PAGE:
It’s easy to pick out those who’ve fallen and can’t get up, those visible to us, visible unless we choose to look the other way.
We met Jaydon Langston at a Tent City in Tukwila. Jaydon is homeless and desperate for work. He has experience working as a welder.
“I’m still looking for the American Dream,” Jaydon said.
For many that dream has turned into a nightmare – a nightmare that won’t go away. You go to bed, it’s there. You wake up, it’s there. Even for those who did everything right.
“It’s stressful,” said Derrick Davis, a war veteran who lost his job as a medical office manager in July. He’d been working at that job 14 months.
“Well somebody’s got to like me out there,” he tells his wife Kathy, who pulls in $12 an hour as a medical coder.
“Well he’s trying. It would be different if he was home and feeling sorry for himself,” said Kathy.
He’s trying alright. Derrick Davis has sent out over a hundred resumes from his make-shift office, Cafe Vita. So far, no nibbles. So he’ll send out a hundred more resumes and keep going.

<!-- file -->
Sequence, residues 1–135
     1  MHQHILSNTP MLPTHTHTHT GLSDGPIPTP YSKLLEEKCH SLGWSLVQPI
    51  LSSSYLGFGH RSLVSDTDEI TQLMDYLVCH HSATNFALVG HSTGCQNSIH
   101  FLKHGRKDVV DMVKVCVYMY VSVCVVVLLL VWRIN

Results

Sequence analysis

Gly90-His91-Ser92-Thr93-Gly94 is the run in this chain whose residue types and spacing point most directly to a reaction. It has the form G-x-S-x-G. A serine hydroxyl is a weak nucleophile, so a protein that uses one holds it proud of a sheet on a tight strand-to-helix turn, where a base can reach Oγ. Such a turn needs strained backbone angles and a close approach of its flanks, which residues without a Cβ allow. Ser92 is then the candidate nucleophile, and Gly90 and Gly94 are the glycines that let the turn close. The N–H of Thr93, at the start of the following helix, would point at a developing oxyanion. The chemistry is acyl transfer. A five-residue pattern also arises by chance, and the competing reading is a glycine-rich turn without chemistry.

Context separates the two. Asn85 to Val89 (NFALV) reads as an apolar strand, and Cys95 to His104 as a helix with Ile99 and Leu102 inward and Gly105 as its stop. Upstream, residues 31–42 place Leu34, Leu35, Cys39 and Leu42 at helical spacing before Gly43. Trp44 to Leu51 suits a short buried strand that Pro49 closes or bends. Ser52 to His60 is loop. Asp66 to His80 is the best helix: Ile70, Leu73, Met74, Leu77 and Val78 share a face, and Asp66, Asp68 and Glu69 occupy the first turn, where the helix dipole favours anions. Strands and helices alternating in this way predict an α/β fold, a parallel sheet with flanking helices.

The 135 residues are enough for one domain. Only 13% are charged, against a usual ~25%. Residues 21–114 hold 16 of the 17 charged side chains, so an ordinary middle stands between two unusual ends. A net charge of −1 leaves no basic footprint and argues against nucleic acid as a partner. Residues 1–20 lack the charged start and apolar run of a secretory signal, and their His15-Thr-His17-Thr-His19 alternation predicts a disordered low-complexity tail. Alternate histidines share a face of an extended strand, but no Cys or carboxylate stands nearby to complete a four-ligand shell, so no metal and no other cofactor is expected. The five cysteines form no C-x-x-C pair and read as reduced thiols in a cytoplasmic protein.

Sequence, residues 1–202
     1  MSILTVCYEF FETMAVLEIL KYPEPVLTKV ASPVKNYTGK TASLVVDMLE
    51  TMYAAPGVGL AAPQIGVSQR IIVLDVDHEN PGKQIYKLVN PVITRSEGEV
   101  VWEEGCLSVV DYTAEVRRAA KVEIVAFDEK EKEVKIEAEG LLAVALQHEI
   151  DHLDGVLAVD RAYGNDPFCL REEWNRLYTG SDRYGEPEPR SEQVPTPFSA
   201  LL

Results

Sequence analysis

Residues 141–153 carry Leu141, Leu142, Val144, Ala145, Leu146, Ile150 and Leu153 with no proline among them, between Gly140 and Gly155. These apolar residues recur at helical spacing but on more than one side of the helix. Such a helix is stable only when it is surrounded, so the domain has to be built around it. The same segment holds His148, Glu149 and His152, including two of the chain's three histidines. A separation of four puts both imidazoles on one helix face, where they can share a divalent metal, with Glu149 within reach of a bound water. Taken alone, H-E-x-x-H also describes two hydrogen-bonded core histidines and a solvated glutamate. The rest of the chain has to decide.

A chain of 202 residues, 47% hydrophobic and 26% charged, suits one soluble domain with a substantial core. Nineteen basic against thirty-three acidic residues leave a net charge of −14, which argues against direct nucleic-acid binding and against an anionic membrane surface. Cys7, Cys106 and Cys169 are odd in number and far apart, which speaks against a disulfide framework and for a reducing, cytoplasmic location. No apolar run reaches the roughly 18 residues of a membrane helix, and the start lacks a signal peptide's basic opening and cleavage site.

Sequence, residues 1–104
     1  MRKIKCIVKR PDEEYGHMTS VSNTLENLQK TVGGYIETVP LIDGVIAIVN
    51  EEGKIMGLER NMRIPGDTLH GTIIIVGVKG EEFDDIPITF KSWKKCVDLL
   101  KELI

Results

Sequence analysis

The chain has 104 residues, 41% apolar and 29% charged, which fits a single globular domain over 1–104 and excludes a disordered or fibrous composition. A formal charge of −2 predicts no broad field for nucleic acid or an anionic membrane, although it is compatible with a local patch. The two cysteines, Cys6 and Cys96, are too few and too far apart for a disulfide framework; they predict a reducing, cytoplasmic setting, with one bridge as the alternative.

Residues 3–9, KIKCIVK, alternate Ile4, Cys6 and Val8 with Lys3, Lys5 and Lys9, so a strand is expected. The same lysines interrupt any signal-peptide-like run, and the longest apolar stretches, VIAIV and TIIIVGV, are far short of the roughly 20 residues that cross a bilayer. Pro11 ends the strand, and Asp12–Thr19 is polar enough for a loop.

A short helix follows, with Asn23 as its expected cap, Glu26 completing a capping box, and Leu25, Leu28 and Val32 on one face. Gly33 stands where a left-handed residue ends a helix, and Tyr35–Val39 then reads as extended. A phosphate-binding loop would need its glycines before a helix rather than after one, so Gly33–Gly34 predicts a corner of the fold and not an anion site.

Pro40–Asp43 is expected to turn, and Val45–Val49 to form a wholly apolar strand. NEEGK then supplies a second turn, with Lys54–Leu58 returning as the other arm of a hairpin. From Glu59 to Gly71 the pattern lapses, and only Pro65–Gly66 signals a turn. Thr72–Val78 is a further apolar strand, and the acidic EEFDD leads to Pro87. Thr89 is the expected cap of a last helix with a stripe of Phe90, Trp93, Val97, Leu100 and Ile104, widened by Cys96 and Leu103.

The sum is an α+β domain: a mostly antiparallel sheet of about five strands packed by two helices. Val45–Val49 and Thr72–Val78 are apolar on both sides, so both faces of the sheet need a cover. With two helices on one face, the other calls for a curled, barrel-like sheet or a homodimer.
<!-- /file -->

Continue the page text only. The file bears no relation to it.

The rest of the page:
“What choice do I have?” he said.
What choice do you have when you’ve gone through all of your savings, you’re down to your last $3,000 from your 401K, and you have no job. Derek’s choice was clear.
“I never thought I’d be here,” he said.
By “here,” he means the Northwest Harvest Food bank in Seattle. As Derrick goes through the food line, he will express his gratitude.
“Thank you for being here,” he said.
It’s just like him to do that. What he will keep to himself, today at least, is that he was a regular volunteer at food banks years ago, helping those in need.”
“Now it’s my turn,” Derrick said.
The tables have turned for so many Americans - too many.